What happened to auto loan rates in 2022? Throughout the year 2022 supply chain issues resulted in fewer vehicles that could be purchased — which led to a void of expensive costs. These prices are in addition to an exhausted economy preparing for the possibility of . On top of this, getting has become a challenge even for drivers. To know the reason the reason why so many families are living paycheck to paycheck and have budgets that are stretched take a look at the driveway. -Greg McBride Greg McBride As relief was on the horizon and vehicle prices began to level, refuted any substantial wins drivers could receive. The Fed increased the benchmark rate seven times during the past year, while lenders’ increase in tandem. According to Bankrate data, the financing for a new 60-month vehicle averaged 3.86 per cent in the month of January. Meanwhile, the calendar year is ending with an average of more than 6 percent. Following November’s record-high transaction prices, wholesale prices have dropped more than 15 percent. However, as prices started to stabilize and relief was discovered as high-interest rates increased. As a result, even though prices dropped by 5 percent per month however, monthly payments have increased more than 3 percent, according to the . Cost to finance is expected to remain elevated in the coming year, even though the labor and supply chain issues will be present, inventory for vehicles is expected to grow throughout next year, though not back to pre-pandemic levels. Even though November had an all-time record for the average transaction price (ATP) in the amount of $47,681. This was also the first month since the summer of 2021 in which the ATP was less than the MSRP average as per . This is good news for buyers but still doesn’t solve the issue of the high prices. The concurrent and decrease in prices for vehicles is likely to continue to be the same until 2023. The rates are likely to increase in the coming years as explained by McBride, “An active Fed will mean further increase of auto loan rate.” While rates are likely to be “tempered by the competition of lenders” he explains, drivers must be prepared to pay more to finance their cars. This is especially the case for those whom they will bear the burden of the high interest rates. What next steps should consumers take? The fact is, there’s no ideal time to buy take out a loan, and rising costs throughout the board make it difficult to get a good deal. If you are able to wait for a while, it could save you money. If not, be prepared to spend more, and think about how to buy in an environment that is not so favorable. “For an explanation as to why so many households are living paycheck to paycheck and have tight budgets take a look at your driveway” McBride says. McBride. “The average monthly cost of the new car is in the region of $700 and the typical used car purchaser is committing to $500 monthly payments. These are costly payments.” To ensure your budget is healthy and to find the most affordable price for your next car purchase, follow these steps. Be on top of your payments to your credit cards and loan payments. A history of timely payments boosts your credit score and will enable you to qualify for better interest rates. Check out a variety of auto loan lenders to see which is the most favorable price. Time your car purchase to coincide with any seasonal deals dealerships might offer. Be flexible. With smaller inventory, you might have to be prepared with backup cars or colors. Find a variety of dealerships and research MSRPs before you take the test drive.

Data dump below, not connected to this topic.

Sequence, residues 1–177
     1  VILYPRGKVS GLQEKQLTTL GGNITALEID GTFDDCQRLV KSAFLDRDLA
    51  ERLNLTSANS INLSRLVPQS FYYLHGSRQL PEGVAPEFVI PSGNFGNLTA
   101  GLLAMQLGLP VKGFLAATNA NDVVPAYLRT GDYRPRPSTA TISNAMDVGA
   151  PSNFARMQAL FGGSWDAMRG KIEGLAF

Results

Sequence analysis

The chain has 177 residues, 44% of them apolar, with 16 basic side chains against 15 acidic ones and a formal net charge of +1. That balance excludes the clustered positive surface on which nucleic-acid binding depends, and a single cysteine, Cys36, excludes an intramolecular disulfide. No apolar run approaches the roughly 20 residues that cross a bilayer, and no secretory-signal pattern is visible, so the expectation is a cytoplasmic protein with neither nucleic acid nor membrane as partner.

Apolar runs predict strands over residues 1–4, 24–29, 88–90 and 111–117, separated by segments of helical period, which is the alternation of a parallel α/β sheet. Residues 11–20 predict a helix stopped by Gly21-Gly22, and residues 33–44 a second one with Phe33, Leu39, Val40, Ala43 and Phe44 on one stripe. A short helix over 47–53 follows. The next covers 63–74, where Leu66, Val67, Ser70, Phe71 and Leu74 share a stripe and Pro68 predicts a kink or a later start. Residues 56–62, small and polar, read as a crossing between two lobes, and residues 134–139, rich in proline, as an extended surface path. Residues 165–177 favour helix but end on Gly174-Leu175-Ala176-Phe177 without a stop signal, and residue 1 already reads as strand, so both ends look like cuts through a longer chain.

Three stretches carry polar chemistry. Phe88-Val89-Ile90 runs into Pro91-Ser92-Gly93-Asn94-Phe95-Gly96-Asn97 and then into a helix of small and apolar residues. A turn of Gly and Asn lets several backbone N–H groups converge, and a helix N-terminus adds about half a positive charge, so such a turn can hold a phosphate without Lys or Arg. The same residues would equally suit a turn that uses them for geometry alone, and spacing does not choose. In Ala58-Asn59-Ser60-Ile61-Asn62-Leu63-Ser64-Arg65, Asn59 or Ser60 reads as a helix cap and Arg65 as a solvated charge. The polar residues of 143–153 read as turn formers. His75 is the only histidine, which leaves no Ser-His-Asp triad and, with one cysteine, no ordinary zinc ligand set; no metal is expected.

The article was written by Auto Loans Reporter Rebecca Betterton is the auto loans reporter for Bankrate. She is a specialist in helping readers with the ways and pitfalls of borrowing money to purchase an automobile. Written by Chelsea Wing Edited by Student loans editor Chelsea has been working at Bankrate since the beginning of 2020. She is invested in helping students to navigate the daunting cost of college as well as dissecting the complexity in student loans.

Student loans editor